441—61.4(217)  Planning and coordinating the placement of refugees in advance of their arrival.  The director, or the director’s designee, shall ensure that meetings are convened, no less often than quarterly, whereby representatives of local affiliates of voluntary resettlement agencies, local community service agencies, and other agencies that serve refugees meet with representatives of state and local governments to plan and coordinate the appropriate placement of refugees in advance of the refugees’ arrival.441—61.5(217)  Services of the department available for refugees.  All services provided to the refugee and family have self-sufficiency as the goal. Direct and contracted services may include, but are not limited to, the following:  61.5(1)    Job development.  These services involve working with employers in job development, placement, training, retention, and upgrading.  61.5(2)    Social adjustment.  These services include assessment and short-term counseling to persons or families in a perceived crisis, referral to appropriate resources, the making of arrangements for necessary services, home management services, transportation, translation and interpretation services, and case management services.  61.5(3)    Health-related services.  These services include information, referral to appropriate resources, assistance in scheduling appointments and obtaining services, and counseling to individuals or families to help them understand and identify their physical and mental health needs and maintain or improve their physical and mental health.  61.5(4)    Resettlement services.  These services involve securing and training sponsors, arranging for refugees to resettle in Iowa and providing case management, employment services, and social adjustment services.As required under the resettlement contract with the U.S. Department of State, the department provides case management, employment services, and social adjustment services to the refugees it resettles during their first 90 days in Iowa.  61.5(5)    Any additional service.  These services, upon submission to and approval of the director of the office of refugee resettlement, include any additional service aimed at strengthening and supporting the ability of a refugee individual, family, or refugee community to achieve and maintain economic self-sufficiency, family stability, or community integration which has been demonstrated as effective and is not available from any other funding source.  61.5(6)    Information and publication.  These services provide information to Iowans about Iowa’s refugee program, the refugees in Iowa, and their cultures.  61.5(7)    Bilingual publication.  These services provide refugees with publications in English as well as their native languages which assist in their successful resettlement.  61.5(8)    Translation and interpretation services.  These services provide interpreter service from English into the refugee languages or vice versa and assistance in translating written materials.  61.5(9)    Immigration services.  These services provide information and assistance to refugees in securing permanent resident alien status and family reunification.  61.5(10)    Adjustment of status.  These services provide guidance in obtaining permanent alien status and citizenship.  61.5(11)    Employability services.  These services are specifically designed to assist refugees to obtain employment and to improve the employability of work skills of the individual and include job referral to, and job placement with, private employers. Specific employability services include, but are not limited to, the following:  a.  Employment services which include such activities as the development of a family self-sufficiency plan, world-of-work and job orientation, job clubs, job workshops, job development, referral to job opportunities, job search, and job placement and follow-up.  b.  Employability assessment services which include such activities as aptitude and skills testing.  c.  English language instruction which includes referrals to programs which offer a curriculum which places an emphasis on English as it relates to obtaining and retaining a job and to programs which are provided in a concurrent, rather than sequential, time period with employment or with other employment-related services.  d.  On-the-job training which includes referrals to training that is provided at the employment site and is expected to result in full-time, permanent, unsubsidized employment with the employer who is providing the training.  e.  Vocational training which includes referrals to driver education and training when provided as part of a family self-sufficiency plan.  f.  Skills recertification which includes referrals to training that meets the criteria for appropriate training as provided for in paragraph “b.”  g.  Day care which includes referrals to day care for children necessary for participation in an employability service or for the acceptance or retention of employment.  h.  Transportation when necessary for participation in an employability service or for the acceptance or retention of employment.  i.  Translation and interpretation services when necessary in connection with employment or participation in an employability service.  j.  Case management services for refugees who are considered employable and for recipients of public assistance who are considered employable, provided that the services are directed toward a refugee’s attainment of employment as soon as possible after arrival in the United States.  k.  Assistance in obtaining employment authorization documentations (EADs).  61.5(12)    Outreach services.  These services include activities designed to familiarize refugees with available services, to explain the purpose of these services, and to facilitate access to these services.  61.5(13)    Referral.  These services enable referral of refugee clients to mainstream service systems.441—61.6(217)  Provision of services.    61.6(1)    Priority of services.  Services are provided to refugees in the following order of priority, except in certain individual extreme circumstances:  a.  All newly arriving refugees during their first year in the United States, who apply for services.  b.  Refugees who are receiving cash assistance.  c.  Unemployed refugees who are not receiving cash assistance.  d.  Employed refugees in need of services to retain employment or to attain economic independence.  61.6(2)    Limitations on eligibility.  Services as described in rule 441—61.5(217) may be provided in the first 60 months of resettlement unless the Office of Refugee Resettlement grants an exception to the 60-month limit. Referral, interpretation, citizenship, and naturalization services may be provided to the extent feasible past 60 months of resettlement for refugees, except that refugees who are receiving employability services, as defined in 441—subrule 61.5(11), as part of an employability plan, as of September 30, 1995, may continue to receive those services through September 30, 1996, or until the services are completed, whichever occurs first, regardless of their length of residence in the United States. In any case, services shall first be provided for those refugees who are in the first two years of resettlement and who are in need of assistance in securing self-sufficiency.  61.6(3)    Service requirements.    a.  Services provided shall be refugee-specific services which are designed specifically to meet refugee needs, except that vocational or job skills training, on-the-job training, or English language training need not be refugee specific.  b.  Services shall be provided, to the maximum extent feasible, in a manner that is culturally and linguistically compatible with a refugee’s language and cultural background.  c.  Services shall be provided, to the maximum extent feasible, in a manner that includes the use of bilingual or bicultural women to ensure adequate service access by refugee women.  d.  The department shall use its social service grants primarily for employability services designed to enable refugees to obtain jobs within one year of becoming enrolled in services in order to achieve economic self-sufficiency as soon as possible.  e.  Social services may continue to be provided after a refugee has entered a job to help the refugee retain employment or move to a better job.  f.  Social service grant funds may not be used for long-term training programs such as vocational training that last for more than a year or educational programs that are not intended to lead to employment within a year.  g.  In planning and providing services, the bureau shall take into account those services which a resettlement agency is required to provide for a refugee whom it sponsors in order to ensure the provision of seamless, coordinated services to refugees that are not duplicative.441—61.7(217)  Application for services.  Any person wishing to do so shall have an opportunity to apply for services by contacting the bureau or any of its affiliated offices either in person, by telephone, by fax, in writing, or by contacting any of the bureau staff members. The bureau shall determine the eligibility of each person for services. Applicants for refugee cash assistance shall automatically be considered as applicants for services. The bureau shall ensure that refugee women have the same opportunities as refugee men to participate in all services, including job placement services.441—61.8(217)  Adverse service actions.    61.8(1)    Denial.  Services shall be denied when it is determined by the department that any of the following reasons apply:  a.  The client is not in need of the service.  b.  The client is not legally eligible.  c.  The service is not covered in the state refugee program plan.  d.  There is another community resource available to provide the services or a similar service free of charge to the client that will meet the client’s needs.  e.  The service for which the client is eligible is currently not available. A list of these services will be posted in the bureau’s offices.  f.  Funding is not available to provide the service. A list of services not available due to lack of funding shall be posted in the bureau offices.  g.  The client refuses to allow documentation of eligibility.  h.  The services requested are those for which other resettlement agencies are contractually responsible.  i.  The person requesting service has been in the United States more than 60 months and the services requested do not include referral, interpretation, citizenship, or naturalization services.  61.8(2)    Termination.  A particular service may be terminated when the department determines that any of the following reasons apply:  a.  The need to attain the goals to which the service was directed has been achieved.  b.  After repeated assessment, it is evident that the family or individual is unable to achieve or maintain goals set forth in the individual employability plan.  c.  After repeated efforts, it is evident that the client is unwilling to accept further service.  d.  The service is no longer available in the Iowa state refugee program plan.  e.  There is another community resource available to provide the services or a similar service free of charge to the client that will meet the client’s needs.  f.  Funding is not available to provide the service. A list of services not available due to lack of funding shall be posted in the bureau’s offices.  g.  The person receiving service has been in the United States more than 60 months and the services the person is receiving do not include referral or interpretation services.  61.8(3)    Reduction.  A particular service may be reduced when the department determines that any of the following reasons apply:  a.  Continued provision of service at its current level is not necessary. The department shall determine the level to which the service may be reduced without jeopardizing the client’s continued progress toward achieving or maintaining the goal.  b.  Another community resource is available to provide the same or similar service to the client, at no financial cost to the client, that will meet the client’s need.  c.  Funding is not available to continue the service at the current level. The client shall be reassessed to determine the level of service to be provided.  61.8(4)    Notice of adverse action.  In case of an action to terminate, reduce, or deny services, the bureau shall give notice to the person or persons affected.441—61.9(217)  Client appeals.  Decisions made by the department or its designee adversely affecting its clients may be appealed according to 441—Chapter 7.441—61.10(217)  Refugee sponsors.  The department is required under its resettlement contract with the U.S. Department of State to secure a sponsor for each refugee unit it resettles. Applications for sponsorship through the department are open, but not limited to, Iowans representing: individuals; individuals representing a group, club, organization, or business; and churches or other religious organizations. Refugee sponsors must comply with a formal application process with the department and complete Form 402-0043, Sponsorship Application. The refugee sponsor must be able to provide certain types of nonfinancial assistance to the refugee unit as outlined by the department. The deputy chief of the bureau accepts or rejects each refugee sponsor application.441—61.11(217)  Adverse actions regarding sponsor applications.  Applications shall be denied when it is determined by the department that any of the paragraphs or subparagraphs below apply:  61.11(1)  The potential sponsor:  a.  Seeks to benefit financially by sponsoring a refugee family.  b.  Refuses to fill out and sign the Sponsorship Application.  c.  Is not economically self-sufficient.  d.  Seeks to engage a refugee family in political, economic, religious, or social activities which are intended to restrict the refugees’ freedom of choice after they have arrived in Iowa. This includes but is not limited to instances where a potential sponsor seeks to impose the sponsor’s beliefs, lifestyle, or efforts for economic gain on the refugee.  e.  Refuses to take part in the department’s orientation programs for sponsors.  f.  Lacks the commitment of time and resources necessary to fulfill the responsibilities of sponsorship as defined in the Sponsorship Application.  g.  Performed inadequately as a prior sponsor and failed to fulfill the responsibilities of sponsorship as defined in the Sponsorship Application, Form 402-0043.  h.  Has been convicted of an aggravated or serious misdemeanor or felony and that conviction may directly or adversely impact the refugee family or would endanger the family.  61.11(2)  The placement of a refugee family with a specific sponsor would cause undue physical or psychological hardship on the newly arrived refugee due to geographic isolation from support services or activities.441—61.12(217)  Administrative review of denial of sponsorship application.  Sponsors may request an administrative review when their applications are denied. The request shall be in writing and must be received by the department no later than 30 days after the date of the notification of denial.  61.12(1)  When a sponsor wishes a review of a denial, it will be referred to the chief of the bureau. The bureau chief will affirm or reverse the denial within 20 days of the request.  61.12(2)  When the bureau chief affirms the denial, the sponsor may request further review by sending a letter requesting review and the bureau chief’s denial to the administrator of the division of policy coordination within ten days of the date of the bureau chief’s denial. When more information is needed, the administrator shall request the information within five days. The administrator shall review the denial and issue a decision within ten days of the request for the review or the receipt of additional information, whichever is later.441—61.13(217)  Refugee resettlement moneys.  The department receives a certain amount of money from the U.S. Department of State for each refugee it resettles. A portion of that money is made available to the refugee sponsor for financial assistance in resettling the refugee unit. All of the moneys must be spent in accordance with financial requirements and approved expenditures of the department, U.S. Department of State, and the state of Iowa comptroller and must go toward the benefit of the refugee unit. The sponsor must sign Form 402-0025, Receipt Letter, to document the receipt of all refugee resettlement funds. The refugee sponsor must not financially benefit in any way from the refugee resettlement moneys.441—61.14(217)  Unaccompanied refugee minors program.  The department administers the unaccompanied refugee minors program under rules covered in 441—Chapters 156, 202, 112, 113, 114, 115, and 116 and by federal guidelines provided by the U.S. Department of Health and Human Services. In consultation with other resettlement agencies, the director determines the number of unaccompanied minors to be resettled in Iowa. Resettlement agencies may not bring unaccompanied minors into Iowa without the authorization of the director.441—61.15(217, 622A)  Interpreters and translators for legal proceedings.  The languages offered by the bureau for interpretation and translation services shall be Serbo-Croatian, Nuer, Cambodian, Hmong, Laotian, Vietnamese, and Tai Dam. Documents to be translated shall be limited to those specified by the presiding judicial officer as those requiring translation and may be any written materials including offers of evidence, correspondence, briefs, memoranda, or other documents. A certification will be attached to each document that certifies that the translator is competent to translate and that the translation is accurate.  61.15(1)    Requests for interpretation or translation services.  A presiding judicial officer shall initiate the request for interpretation or translation services if the officer determines on the officer’s own motion or on the motion of a party that the party (including a defendant in a criminal case) or a witness who may present testimony in the action speaks only or primarily a language other than the English language so as to inhibit the party’s comprehension of the proceedings or communication with counsel or the presiding judicial officer or so as to inhibit a witness’s comprehension of questions and the presentation of testimony.  61.15(2)    Method of interpretation.  The method of interpretation to be used by staff interpreters will be the consecutive mode, except when the presiding judicial officer authorizes, with the approval of all interested parties, that a summary interpretation will aid in the efficient administration of justice.  61.15(3)    Qualifications and assignment of staff.  Interpreters and translators must be capable of interpreting or translating precisely from a language other than English to English and from English to a language other than English. The bureau chief shall maintain a current master list of all staff interpreters and translators determined as qualified.The bureau chief or designee shall assign interpreters or translators to each request for services, after consultation with the presiding judicial officer of the court.  61.15(4)    Roles and responsibilities of interpreters and translators.  Staff interpreters and translators shall provide interpretation and translation services during business hours Monday through Friday (8 a.m.to 4:30 p.m.) and occasionally beyond those hours of operation, if required. The interpreter or translator shall:  a.  Keep all assignment-related information strictly confidential.  b.  Not counsel, elaborate, advise or interject personal opinions.  c.  Function in a professional manner appropriate for the situation.  d.  Interpret in the method prescribed by the presiding judicial officer and limited to the methods described in this rule.  e.  Maintain a solid perspective on the role of the interpreter or translator (the main function is solely a linguistic one to facilitate communication).  f.  Not be responsible for what is said, only for conveying it accurately.  g.  Withdraw from assignments if the interpreter’s or translator’s own feelings or beliefs will interfere with rendering the message accurately.  h.  Withdraw from assignments where family members or close personal or professional relationships may affect impartiality.  i.  Swear or affirm to interpret or translate accurately.  61.15(5)    Dismissal or disqualification of interpreter.  If any interpreter is unable to communicate effectively with the presiding judicial officer, the attorney, a party (including a defendant in a criminal case), or a witness, the presiding judicial officer may dismiss the interpreter and obtain the services of another interpreter.Any court or administrative agency may inquire into the qualifications and integrity of any interpreter and may disqualify any person from serving as an interpreter.  61.15(6)    Fee schedule.  The bureau shall not be compensated for costs related to interpretation or translation services in excess of the maximum allowable under the schedule of fees prescribed pursuant to this subrule. Any moneys collected under this rule shall be used to reimburse the appropriation obligated and disbursed in payment for services.  a.    Rate for services.  The fee schedule for interpretation services shall be based on a portal-to-portal basis multiplied by the appropriate rate. The standard rate shall be $25 per hour, plus actual expenses not to exceed the state reimbursement rate for meals, lodging, parking, and ground or air transportation costs incurred in providing services.When a single interpretation assignment exceeds six hours, a flat salary rate of $150 per day, plus actual expenses, not to exceed the state reimbursement rate, shall be charged.The fee for translating documents shall be $25 per page for verbatim translations and $10 per page for summary translations.  b.    Minimum charges.  A minimum charge of one hour shall be charged for providing requested interpretation services. A minimum of one hour shall be charged for cancellations less than 12 hours prior to a prescheduled appointment. A minimum one-hour charge, plus incidental costs, shall be charged for party no-shows.For any legal action preparatory to appearing before any court which is facilitated through a telephone interpretation, a minimum charge of 15 minutes shall be charged. A charge for each additional 15-minute increment, after the first 15 minutes, shall be billed at a prorated share of the scheduled standard rate of $25 per hour.  61.15(7)    Payment.  Payment for interpretation and translation services invoiced according to the fee schedule shall be issued to the bureau by the clerk of court, if the interpreter or translator is appointed by the presiding judicial officer, unless other state or federal statutory provisions preclude the payment. The presiding judicial officer may order that all or part of the salaries, fees, expenses and costs be apportioned between or among the parties or be taxed according to existing state or federal statutory provisions.Invoices for interpretation and translation services shall be sent on the tenth of the month following the service date to the appropriate clerk of court. Information on this invoice form is considered confidential and shall include:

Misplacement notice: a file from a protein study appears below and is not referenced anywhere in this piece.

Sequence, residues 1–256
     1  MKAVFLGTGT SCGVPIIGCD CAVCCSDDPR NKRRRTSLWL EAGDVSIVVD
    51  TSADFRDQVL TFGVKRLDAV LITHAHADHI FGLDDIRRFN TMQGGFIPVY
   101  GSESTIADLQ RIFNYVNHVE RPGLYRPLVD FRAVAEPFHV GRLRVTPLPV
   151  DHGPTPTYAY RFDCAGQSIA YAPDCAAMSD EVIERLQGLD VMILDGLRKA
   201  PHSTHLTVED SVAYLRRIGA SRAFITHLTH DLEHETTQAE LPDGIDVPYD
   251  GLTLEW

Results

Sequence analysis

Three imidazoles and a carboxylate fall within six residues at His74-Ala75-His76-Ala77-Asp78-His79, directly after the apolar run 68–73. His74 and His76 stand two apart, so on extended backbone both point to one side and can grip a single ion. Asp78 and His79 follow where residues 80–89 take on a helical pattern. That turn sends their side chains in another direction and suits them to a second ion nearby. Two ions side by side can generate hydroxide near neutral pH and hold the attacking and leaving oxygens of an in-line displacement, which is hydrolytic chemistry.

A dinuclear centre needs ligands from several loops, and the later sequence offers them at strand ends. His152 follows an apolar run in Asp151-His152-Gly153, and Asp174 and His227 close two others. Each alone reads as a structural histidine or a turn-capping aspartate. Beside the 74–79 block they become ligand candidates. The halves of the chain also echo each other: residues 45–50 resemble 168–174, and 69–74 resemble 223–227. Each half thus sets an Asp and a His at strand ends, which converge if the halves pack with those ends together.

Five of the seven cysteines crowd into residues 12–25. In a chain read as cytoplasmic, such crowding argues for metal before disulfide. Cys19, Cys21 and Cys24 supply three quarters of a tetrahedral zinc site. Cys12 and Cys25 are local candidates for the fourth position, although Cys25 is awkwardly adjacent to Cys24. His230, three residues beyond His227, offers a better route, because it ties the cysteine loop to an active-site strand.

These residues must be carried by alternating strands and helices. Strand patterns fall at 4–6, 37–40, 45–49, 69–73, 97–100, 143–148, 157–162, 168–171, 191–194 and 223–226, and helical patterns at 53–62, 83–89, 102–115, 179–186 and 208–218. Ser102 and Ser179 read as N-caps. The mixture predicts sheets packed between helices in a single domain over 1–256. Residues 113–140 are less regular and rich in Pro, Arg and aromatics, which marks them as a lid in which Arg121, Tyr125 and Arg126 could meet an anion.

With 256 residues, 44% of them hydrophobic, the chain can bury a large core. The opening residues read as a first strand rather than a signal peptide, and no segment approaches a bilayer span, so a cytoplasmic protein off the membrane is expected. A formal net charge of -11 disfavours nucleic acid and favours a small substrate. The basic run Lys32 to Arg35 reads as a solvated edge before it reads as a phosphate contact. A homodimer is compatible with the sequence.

1. Name and address of party initiating the service request.